which float on water surface, are removed and the heavy seeds are retained. After about 12 to 24h, water is allowed to drain away and the soaked seeds are filled in bamboo karandahs (baskets) which are lined by rice straw on inner side. Lukewarm water is then poured on the seed; the top of karandahs or baskets is then covered by teak leaves and rice straw and loaded with stones and pieces of logs so as to create warmth inside, required for sprouting. On each of the two consecutive days, water is sprinkled over the paddy straw to keep the seed moist. The seeds sprout in three days. The quantity of seeds required for sowing an acre of land under this method is about 60 to 80lbs, as against 40 to 60lbs. under transplanting.
In salt lands, early coarse varieties of paddy are generally sown. Sprouted seeds of two or three days old are broadcast in the field when the area becomes inaccessible after heavy rains. These get very hard on drying and get very soft and sticky when wet.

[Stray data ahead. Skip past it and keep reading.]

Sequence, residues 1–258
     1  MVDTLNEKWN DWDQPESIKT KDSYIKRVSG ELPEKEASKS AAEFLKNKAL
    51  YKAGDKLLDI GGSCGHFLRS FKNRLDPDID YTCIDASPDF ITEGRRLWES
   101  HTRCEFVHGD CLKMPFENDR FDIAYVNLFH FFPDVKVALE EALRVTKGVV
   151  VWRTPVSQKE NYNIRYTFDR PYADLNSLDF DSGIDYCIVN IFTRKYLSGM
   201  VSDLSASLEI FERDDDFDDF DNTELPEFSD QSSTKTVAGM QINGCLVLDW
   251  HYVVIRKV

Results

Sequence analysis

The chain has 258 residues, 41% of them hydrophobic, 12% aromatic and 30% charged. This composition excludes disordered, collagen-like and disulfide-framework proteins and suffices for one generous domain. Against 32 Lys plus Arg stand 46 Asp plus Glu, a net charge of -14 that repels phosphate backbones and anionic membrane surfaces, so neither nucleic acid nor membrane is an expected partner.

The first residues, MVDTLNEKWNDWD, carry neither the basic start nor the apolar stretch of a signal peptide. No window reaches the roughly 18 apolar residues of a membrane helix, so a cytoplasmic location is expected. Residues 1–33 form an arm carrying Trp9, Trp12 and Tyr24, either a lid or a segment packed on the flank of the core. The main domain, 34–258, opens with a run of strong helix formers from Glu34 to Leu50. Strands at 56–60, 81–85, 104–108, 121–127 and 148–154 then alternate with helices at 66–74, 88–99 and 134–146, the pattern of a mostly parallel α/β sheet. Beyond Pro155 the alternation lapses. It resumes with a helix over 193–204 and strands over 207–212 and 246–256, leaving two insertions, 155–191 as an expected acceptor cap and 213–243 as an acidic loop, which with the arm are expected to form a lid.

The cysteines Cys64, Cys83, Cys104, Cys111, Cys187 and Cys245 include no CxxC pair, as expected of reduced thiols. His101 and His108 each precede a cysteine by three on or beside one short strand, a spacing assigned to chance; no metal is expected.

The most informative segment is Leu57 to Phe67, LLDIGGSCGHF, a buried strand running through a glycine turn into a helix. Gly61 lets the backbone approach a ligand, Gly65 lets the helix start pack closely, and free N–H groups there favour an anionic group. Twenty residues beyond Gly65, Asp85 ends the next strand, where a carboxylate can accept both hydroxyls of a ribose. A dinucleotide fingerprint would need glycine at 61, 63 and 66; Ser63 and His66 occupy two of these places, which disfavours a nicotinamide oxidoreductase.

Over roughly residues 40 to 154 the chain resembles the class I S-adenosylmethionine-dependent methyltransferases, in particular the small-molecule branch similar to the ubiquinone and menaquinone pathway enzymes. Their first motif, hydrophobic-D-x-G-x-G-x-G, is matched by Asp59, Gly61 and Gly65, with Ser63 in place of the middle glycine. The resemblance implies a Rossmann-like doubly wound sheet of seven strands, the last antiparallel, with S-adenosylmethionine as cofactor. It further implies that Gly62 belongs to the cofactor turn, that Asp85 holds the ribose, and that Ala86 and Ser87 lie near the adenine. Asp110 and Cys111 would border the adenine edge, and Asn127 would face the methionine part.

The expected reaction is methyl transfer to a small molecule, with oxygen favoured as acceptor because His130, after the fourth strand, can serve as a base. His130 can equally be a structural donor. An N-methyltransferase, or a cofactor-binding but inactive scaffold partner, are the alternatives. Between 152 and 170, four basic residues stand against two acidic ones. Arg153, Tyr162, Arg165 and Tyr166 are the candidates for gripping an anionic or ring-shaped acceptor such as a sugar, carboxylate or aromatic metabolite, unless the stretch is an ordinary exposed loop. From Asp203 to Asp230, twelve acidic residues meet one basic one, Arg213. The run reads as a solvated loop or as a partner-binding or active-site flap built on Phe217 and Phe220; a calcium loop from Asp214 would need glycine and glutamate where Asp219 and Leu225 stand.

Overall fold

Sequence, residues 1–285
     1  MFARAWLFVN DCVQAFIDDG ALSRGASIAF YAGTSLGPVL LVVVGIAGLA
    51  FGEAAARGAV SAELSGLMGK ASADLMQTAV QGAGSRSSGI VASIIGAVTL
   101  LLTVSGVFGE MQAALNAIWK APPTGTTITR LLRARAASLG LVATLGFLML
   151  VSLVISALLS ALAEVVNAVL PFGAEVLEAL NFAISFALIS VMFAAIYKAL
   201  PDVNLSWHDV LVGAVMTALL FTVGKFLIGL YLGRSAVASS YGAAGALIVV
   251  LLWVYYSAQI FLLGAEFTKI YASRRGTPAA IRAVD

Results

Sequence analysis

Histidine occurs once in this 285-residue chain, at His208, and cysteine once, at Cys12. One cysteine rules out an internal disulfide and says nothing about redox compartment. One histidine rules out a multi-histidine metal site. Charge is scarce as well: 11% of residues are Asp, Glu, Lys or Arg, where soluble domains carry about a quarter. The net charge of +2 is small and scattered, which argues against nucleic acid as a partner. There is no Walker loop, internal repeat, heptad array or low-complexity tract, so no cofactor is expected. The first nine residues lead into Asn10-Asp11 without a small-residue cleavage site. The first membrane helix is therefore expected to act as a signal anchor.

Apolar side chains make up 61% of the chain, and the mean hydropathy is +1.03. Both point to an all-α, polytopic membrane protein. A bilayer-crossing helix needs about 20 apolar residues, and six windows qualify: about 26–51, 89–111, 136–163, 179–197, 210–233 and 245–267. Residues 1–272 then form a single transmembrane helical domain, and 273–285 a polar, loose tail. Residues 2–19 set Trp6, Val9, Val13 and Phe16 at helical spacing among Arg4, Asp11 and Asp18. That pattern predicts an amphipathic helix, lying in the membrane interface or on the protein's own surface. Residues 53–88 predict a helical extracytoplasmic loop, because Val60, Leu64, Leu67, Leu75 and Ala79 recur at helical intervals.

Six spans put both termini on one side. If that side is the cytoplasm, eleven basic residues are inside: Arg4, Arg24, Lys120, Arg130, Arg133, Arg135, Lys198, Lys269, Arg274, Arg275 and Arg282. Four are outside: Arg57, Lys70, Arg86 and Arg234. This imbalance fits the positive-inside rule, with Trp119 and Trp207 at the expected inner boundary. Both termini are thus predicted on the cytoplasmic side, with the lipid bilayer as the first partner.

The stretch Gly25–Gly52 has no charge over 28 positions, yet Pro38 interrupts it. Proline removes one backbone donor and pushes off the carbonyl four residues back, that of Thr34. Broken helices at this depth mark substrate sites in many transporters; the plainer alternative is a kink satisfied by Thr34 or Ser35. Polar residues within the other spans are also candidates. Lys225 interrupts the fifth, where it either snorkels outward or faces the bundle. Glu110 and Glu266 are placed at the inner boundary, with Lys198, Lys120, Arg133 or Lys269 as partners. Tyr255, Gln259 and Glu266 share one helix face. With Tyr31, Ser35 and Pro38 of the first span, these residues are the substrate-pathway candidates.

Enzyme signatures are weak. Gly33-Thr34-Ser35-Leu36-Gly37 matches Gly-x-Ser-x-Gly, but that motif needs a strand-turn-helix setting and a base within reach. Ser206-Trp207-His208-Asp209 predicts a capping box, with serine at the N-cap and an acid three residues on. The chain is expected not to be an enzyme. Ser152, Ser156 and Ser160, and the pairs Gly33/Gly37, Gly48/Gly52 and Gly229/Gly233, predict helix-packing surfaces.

Farmers find it almost impossible to enter the field when it is wet and hence the implements cannot be used in such fields. This method of broadcasting sprouted seedlings is also followed in some parts where, after ploughing, the field remains inaccessible for sowing due to continuous torrential rains.
Dry sowing, which is known as dhul-waf sowing, is also done in some places, in the months of May and June just before rains. This method of sowing facilitates an early start for the seedlings.
In southern talukas, in the low-lying and retentive soils known as shel-soils, seed is sown during March and April. Hand digging of seed beds precedes ploughing. Seeds are sown by broadcasting. No rabbing (seed bed preparation) is done. The seed germinate
and the seedlings remain on the ground till monsoon starts. These seedlings are known as Top-tarava and survive on dew and on the moisture retained by the soil. They are supposed to resist pest incidence, especially of the stemborers.